High-intensity sweeteners, also commonly referred to as artificial sweeteners, are substitutes or alternatives to sugar. They are many times sweeter than table sugar, so smaller amounts of these sugar alternatives are needed to reach the same sweetness level. They are used in a variety of foods to enhance and sweeten the flavor. These high-intensity sweeteners are popular with people for a variety of reasons, primarily because they contribute either minimal or no calories to the diet and do not affect blood glucose levels.
Frequent public concern is expressed over many "artificial" food additives, including sugar substitutes. The FDA regulates food additives like high-intensity sweeteners by first submitting them to a pre-market review, unless it has been has been determined to be Generally Recognized As Safe (GRAS). To be eligible for GRAS labeling, experts qualified by scientific training and experience use scientific procedures to conclude the safeness of the product based on available information. However, it is important to note that companies can make independent GRAS determinations of foods without notifying the FDA. After reviewing the available scientific evidence, the FDA determines that "high-intensity sweeteners approved by FDA are safe for the general population under certain conditions of use."
Standards of safety defined in the FDA's regulations require products to meet the standard of reasonable certainty of no harm under intended conditions of its use. This is the same for food additives or foods determined GRAS. The FDA established Acceptable Daily Intake (ADI) levels for the approved high-intensity sweeteners. ADI is the amount of the high-intensity sweetener that is considered safe to consume each day over the course of a person's lifetime. The FDA determined that the estimated daily intake, even for people who really enjoy sugar alternatives, would not exceed the ADI. The idea is that there are no safety concerns if the average daily intake less than the ADI. Once again, moderation and appropriate intake is key.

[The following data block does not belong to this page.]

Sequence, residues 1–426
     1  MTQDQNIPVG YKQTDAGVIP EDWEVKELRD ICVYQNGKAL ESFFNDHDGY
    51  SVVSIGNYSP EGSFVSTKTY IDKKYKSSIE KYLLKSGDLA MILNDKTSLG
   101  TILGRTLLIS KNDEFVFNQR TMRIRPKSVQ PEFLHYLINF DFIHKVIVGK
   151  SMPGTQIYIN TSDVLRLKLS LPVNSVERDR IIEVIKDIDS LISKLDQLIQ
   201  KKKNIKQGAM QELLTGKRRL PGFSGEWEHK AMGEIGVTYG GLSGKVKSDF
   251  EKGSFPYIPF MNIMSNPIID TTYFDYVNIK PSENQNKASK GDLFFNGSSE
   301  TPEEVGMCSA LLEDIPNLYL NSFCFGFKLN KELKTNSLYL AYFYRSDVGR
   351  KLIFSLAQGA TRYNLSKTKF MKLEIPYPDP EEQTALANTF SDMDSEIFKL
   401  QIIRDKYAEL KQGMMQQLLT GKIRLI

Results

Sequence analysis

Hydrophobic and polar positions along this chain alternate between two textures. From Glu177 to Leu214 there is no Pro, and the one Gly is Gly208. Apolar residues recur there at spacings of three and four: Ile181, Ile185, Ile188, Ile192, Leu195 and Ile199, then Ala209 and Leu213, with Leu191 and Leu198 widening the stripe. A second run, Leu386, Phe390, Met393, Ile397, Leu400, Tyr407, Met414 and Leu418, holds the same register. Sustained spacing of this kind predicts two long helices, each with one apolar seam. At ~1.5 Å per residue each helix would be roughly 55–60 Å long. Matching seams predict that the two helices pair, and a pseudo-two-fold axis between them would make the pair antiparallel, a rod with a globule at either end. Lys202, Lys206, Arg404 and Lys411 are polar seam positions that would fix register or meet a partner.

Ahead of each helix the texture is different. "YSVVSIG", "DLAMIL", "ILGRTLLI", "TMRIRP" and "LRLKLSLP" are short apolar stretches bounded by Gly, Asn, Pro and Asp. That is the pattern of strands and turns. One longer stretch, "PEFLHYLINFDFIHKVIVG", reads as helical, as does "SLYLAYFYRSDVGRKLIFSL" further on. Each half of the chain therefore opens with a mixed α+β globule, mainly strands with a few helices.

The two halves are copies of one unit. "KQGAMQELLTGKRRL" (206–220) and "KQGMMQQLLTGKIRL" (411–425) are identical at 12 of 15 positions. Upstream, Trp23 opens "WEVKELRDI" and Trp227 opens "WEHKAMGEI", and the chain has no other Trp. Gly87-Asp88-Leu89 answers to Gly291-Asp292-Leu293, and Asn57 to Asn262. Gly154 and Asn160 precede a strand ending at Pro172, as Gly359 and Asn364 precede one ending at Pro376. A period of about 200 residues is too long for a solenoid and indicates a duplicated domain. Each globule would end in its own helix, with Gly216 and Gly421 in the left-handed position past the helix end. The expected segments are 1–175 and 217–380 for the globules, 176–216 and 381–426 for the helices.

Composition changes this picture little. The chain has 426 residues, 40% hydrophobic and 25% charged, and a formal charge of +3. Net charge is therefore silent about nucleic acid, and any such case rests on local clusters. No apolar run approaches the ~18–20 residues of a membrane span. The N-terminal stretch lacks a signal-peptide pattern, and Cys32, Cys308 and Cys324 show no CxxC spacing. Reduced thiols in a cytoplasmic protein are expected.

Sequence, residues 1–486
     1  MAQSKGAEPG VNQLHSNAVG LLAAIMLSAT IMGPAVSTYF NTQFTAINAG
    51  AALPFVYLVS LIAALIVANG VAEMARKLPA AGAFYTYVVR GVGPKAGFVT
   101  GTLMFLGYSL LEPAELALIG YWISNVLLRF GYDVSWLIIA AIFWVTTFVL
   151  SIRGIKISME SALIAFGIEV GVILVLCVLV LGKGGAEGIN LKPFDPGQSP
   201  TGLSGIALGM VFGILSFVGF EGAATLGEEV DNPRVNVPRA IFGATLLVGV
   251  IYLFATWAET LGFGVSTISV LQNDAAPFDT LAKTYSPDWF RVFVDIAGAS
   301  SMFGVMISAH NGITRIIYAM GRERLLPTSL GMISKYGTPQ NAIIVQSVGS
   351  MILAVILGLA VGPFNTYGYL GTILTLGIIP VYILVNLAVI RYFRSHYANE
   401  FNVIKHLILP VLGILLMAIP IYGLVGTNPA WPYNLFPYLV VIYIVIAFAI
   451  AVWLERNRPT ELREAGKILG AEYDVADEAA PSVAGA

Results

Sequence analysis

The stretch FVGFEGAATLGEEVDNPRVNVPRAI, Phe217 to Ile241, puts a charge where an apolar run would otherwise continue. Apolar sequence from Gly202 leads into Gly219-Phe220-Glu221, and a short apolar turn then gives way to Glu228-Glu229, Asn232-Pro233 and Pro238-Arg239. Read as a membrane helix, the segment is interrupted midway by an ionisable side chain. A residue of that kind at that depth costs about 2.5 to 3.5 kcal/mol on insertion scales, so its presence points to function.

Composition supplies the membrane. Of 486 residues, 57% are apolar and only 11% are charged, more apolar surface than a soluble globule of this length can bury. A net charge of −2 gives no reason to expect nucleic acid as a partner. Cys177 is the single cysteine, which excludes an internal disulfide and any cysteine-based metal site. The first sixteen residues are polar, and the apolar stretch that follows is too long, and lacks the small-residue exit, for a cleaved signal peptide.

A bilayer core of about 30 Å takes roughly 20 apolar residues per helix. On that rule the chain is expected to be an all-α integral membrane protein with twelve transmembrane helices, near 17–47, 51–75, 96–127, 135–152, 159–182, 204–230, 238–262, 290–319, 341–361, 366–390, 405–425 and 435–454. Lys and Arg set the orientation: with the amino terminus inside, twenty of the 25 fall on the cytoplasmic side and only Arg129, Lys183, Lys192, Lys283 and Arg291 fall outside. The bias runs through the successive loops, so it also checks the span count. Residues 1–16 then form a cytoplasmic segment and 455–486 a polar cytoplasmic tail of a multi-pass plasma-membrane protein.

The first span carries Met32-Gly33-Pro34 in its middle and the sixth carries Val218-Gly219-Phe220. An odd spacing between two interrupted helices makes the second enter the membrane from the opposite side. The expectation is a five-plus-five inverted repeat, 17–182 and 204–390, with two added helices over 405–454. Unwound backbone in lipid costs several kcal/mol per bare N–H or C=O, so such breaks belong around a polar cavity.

There are currently six high-intensity sweeteners permitted for use in food in the United States.
Acceptable Daily Intake (ADI) is in milligrams per kilogram body weight per day (mg/kg bw/d)
- Brand names Sunett® and Sweet One®
- ~200x sweeter than table sugar and is often combined with other sweeteners
- ADI: is 15 (mg/kg bw/d), or about 165 packets
- ~20,000x sweeter than table sugar (sucrose)
- ADI: is 32.8 (mg/kg bw/d), or about 4,000 packets per day
- Brand names include Nutrasweet®, Equal®, and Sugar Twin®
- ~ 200x sweeter than table sugar
- Does contain calories but due to sweetness consumers are likely to use much less of it. It is the only approved nutritive sugar-substitute because it contains more than 2% of the calories in the equivalent amount of sugar.
- People who have a genetic disorder called Phenylketonuria (PKU) should avoid or restrict aspartame because they have problems metabolizing phenylalanine. Labels must include a statement to inform if a product contains phenylketonurics/phenylalanine.
- ADI: is 50 (mg/kg bw/d), or about 165 packets per day
- Brand name Newtame®
- ~ 7,000 to 13,000x sweeter than table sugar
- ADI: is .3 (mg/kg bw/d), or about 200 packets per day
- Brand names include Sweet and Low®, Sweet Twin®, Sweet'N Low®, and Necta Sweet®
- ~200-700x sweeter than table sugar
- ADI: is 15 (mg/kg bw/d), or about 250 packets per day
- Brand name Splenda®
- ~600x sweeter than table sugar
- ADI: is 5 (mg/kg bw/d), or about 165 packets per day
- Another popular high-intensity sweetener is made from the Stevia plant. The Steviol Glycosides obtained from the leaves of this plant are very sweet and have been submitted to the FDA to become a GRAS.
Stevia/high purity steviol glycosides
- Brand names include Truvia®, PureVia®, Enliten®
- ~200-400x sweeter than table sugar
- Although not yet determined by the FDA, the Joint FAO/WHO Expert Committee on Food Additives (JECFA) ADI is 4(mg/kg bw/d), or about 29 packets
High-intensity sweeteners are most commonly found foods and beverages that are labeled "diet," "sugar-free," "diabetic-friendly," "no added sugar" or "low in calories". These non-nutritive sweeteners are used in soft drinks, candy, jellies, dairy products, baked goods, desserts and many other foods. You can identify high-intensity sweeteners in ingredient lists on packaging.
Emily DeLacey MS, RD is a Registered Dietitian and currently working in Jamaica as a HIV/ AIDS Prevention Specialist. She attended Central Washington University for her Bachelor's Degree in Science and Dietetics and continued on after her internship to Kent State University for her Master's Degree in Science and Nutrition, with a focus on public health and advocacy. She served as a U.S. Peace Corps Volunteer in Malawi 2012-2014 working as a Community Health Advisor in a rural village, immersing in the joys of life without electricity or running water. She has been to 20+ countries and 47 of the 50 states in the US. Traveling, adventuring and experiencing new cultures has made her a passionate advocate for the equality of nutrition and wellness for all people.